Proteins: Structure, Function and Genetics

Spatial profiling of protein hydrophobicity: Native vs. decoy structures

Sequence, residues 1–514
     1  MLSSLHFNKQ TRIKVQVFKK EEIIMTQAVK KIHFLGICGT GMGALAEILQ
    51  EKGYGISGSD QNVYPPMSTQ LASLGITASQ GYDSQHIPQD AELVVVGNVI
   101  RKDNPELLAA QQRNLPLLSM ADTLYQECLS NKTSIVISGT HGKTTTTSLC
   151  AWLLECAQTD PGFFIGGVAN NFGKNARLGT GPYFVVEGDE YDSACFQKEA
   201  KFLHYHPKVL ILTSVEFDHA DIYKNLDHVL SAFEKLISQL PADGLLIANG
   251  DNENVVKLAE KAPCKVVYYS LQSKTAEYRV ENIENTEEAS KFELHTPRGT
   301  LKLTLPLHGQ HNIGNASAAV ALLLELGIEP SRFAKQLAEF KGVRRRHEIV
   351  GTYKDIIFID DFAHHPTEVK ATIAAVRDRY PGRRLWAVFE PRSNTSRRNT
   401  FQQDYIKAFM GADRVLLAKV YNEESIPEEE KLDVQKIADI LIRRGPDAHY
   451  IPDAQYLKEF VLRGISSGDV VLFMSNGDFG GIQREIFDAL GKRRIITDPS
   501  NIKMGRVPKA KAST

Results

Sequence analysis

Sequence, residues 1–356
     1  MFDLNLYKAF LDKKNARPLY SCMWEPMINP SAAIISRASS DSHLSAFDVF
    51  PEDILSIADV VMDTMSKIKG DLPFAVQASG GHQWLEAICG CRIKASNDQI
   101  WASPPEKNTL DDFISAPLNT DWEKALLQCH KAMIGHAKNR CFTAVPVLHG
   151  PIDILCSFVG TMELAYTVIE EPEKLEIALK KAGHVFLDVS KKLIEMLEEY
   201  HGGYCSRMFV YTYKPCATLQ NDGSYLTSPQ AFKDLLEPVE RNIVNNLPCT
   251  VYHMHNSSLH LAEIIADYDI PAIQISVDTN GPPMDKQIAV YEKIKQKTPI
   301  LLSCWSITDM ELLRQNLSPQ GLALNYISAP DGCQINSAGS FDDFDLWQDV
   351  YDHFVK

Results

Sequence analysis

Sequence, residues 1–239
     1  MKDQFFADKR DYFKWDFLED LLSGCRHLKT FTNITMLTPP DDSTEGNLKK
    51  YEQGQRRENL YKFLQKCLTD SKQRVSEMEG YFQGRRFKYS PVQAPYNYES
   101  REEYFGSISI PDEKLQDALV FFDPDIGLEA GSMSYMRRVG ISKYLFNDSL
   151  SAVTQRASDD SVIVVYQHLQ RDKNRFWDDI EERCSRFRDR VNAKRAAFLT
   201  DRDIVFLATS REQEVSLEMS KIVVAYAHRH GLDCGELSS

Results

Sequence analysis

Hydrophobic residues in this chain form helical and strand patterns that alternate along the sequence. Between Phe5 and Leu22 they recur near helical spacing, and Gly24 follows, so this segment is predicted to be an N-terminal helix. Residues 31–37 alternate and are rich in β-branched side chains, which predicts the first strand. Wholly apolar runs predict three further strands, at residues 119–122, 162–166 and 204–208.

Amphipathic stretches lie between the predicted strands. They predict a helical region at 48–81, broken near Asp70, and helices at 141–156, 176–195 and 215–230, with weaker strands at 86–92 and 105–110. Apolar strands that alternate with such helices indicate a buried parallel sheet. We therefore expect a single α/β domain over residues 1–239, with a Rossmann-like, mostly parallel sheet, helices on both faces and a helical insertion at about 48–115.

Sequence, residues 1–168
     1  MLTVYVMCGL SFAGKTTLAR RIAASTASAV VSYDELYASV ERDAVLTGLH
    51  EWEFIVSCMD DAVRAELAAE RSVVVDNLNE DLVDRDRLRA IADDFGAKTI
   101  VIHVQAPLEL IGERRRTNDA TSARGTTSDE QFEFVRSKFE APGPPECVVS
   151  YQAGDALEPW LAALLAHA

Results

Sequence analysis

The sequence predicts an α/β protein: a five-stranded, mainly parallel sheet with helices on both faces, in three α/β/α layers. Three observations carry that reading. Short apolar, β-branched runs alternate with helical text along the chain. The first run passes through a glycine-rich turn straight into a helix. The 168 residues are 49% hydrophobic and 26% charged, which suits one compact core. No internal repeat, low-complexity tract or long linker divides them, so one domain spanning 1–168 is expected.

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A recent study of 30 soluble globular protein structures revealed a quasi-invariant called the hydrophobic ratio. This invariant, which is the ratio of the distance at which the second order hydrophobic moment vanished to the distance at which the zero order moment vanished, was found to be 0.75 ± 0.05 for 30 protein structures. This report first describes the results of the hydrophobic profiling of 5,387 non-redundant globular protein domains of the Protein Data Bank, which yields a hydrophobic ratio of 0.71 ± 0.08. Then, a new hydrophobic score is defined based on the hydrophobic profiling to discriminate native-like proteins from decoy structures. This is tested on three widely used decoy sets, namely the Holm and Sander decoys, Park and Levitt decoys, and Baker decoys. Since the hydrophobic moment profiling characterizes a global feature and requires reasonably good statistics, this imposes a constraint upon the size of the protein structures in order to yield relatively smooth moment profiles. We show that even subject to the limitations of protein size (both Park & Levitt and Baker sets are small protein decoys), the hydrophobic moment profiling and hydrophobic score can provide useful information that should be complementary to the information provided by force field calculations. © 2003 Wiley-Liss, Inc.